Three years apart in age, my mom (b.1928) and dad (b.1925) were born at the beginning of the Great Depression. Their early childhood stories are family-focused, tales of sacrifice and tragedy, of making do with all that they had. Their joy sprung from the little things: trips to Coney Island, walking along the boardwalk, hand-me down bicycles, the surprise of roller skates for Christmas, card games, family-style Sunday dinners, visiting aunts, uncles and cousins just a short walk away, church on Sunday, Knights of Columbus dances, and movies.
Almost all of my childhood memories include my mom and dad dancing. Old photos show them sharply dressed, swirling across the dance floor. The most vivid images live in my memory bank: from weddings and garden parties to BBQs and beach days. An open melody, the crooning of Frank Sinatra, Dean Martin and others in the background, the tap-tap-tap of the shoe on the hardwood floor. It wasn’t long before my father would stand and ask my mom to dance. Even right there in the living room.
When not dancing, my parents would watch the classic movies popular during their youth. Snuggled together on the moss green sofa a montage of the greats moving across the television screen: Gregory Peck, Lauren Bacall, Barbara Stanwyck, Laurence Olivier et al. Sometimes they would share stories of movie releases, the double features, saving their pennies to see the latest film, waiting for autographs to be signed. Sometimes they would each be lost in their own reverie of shared moments with friends and family, way before they thought to start their own.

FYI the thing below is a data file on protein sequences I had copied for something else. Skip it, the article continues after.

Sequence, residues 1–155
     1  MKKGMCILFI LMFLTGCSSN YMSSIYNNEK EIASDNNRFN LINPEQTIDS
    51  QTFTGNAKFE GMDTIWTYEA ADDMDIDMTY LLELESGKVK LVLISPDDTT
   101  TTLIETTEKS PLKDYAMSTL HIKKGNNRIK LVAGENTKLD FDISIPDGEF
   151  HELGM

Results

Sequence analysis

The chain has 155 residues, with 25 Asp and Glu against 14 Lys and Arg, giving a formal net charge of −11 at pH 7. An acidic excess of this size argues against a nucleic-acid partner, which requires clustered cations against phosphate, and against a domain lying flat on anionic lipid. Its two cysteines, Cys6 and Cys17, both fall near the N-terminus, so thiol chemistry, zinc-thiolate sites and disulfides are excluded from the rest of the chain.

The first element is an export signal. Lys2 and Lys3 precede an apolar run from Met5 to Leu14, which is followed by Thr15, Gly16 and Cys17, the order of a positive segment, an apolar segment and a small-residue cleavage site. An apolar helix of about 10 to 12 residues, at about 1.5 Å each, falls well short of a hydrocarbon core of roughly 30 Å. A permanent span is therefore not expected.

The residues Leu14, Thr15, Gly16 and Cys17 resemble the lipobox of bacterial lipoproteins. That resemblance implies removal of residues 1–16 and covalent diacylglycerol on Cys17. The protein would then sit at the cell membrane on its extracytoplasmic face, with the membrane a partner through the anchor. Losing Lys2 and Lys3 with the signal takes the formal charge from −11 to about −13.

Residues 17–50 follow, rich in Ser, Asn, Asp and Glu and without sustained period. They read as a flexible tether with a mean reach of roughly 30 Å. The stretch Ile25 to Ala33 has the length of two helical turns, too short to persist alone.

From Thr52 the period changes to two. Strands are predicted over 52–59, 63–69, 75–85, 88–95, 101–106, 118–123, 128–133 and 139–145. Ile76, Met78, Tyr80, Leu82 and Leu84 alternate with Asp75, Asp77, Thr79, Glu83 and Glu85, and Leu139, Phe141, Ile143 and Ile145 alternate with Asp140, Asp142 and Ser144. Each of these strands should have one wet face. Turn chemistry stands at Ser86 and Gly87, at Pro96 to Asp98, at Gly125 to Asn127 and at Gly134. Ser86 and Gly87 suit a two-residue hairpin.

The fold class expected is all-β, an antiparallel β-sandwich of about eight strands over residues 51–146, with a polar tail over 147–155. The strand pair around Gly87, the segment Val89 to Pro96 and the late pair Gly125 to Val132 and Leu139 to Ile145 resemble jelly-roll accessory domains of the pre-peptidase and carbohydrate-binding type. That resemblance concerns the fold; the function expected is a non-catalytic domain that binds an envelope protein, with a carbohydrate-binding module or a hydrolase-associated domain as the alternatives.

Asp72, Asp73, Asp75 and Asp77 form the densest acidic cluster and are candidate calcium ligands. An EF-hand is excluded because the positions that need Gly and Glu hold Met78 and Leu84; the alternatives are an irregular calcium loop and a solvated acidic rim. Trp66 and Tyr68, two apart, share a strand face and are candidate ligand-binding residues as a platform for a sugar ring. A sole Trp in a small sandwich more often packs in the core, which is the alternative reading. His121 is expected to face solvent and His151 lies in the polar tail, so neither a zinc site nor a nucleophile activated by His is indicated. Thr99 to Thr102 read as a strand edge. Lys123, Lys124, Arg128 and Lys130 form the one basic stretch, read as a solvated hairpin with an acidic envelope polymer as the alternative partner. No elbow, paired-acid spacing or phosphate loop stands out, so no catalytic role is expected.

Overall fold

I remember my mom and dad dancing, early fall 1999. A few weeks before my brother’s wedding. They are in the living room watching a program, the autumnal sun is fading. There is music playing and Dad asks Mom to dance. Her eyes light up and with all the energy she can muster, she stands. I clear the furniture from the rug and Dad holds her hand, quick-quick-slow-slow as if they are on pause. Dad is smiling and she is laughing, happy.
Three months later she is gone.
I will forever in my dreams see them dancing, a perpetual couple waltzing atop a music box.
Lucy Romano Preziotti
b. 9/19/28 – d. 1/23/00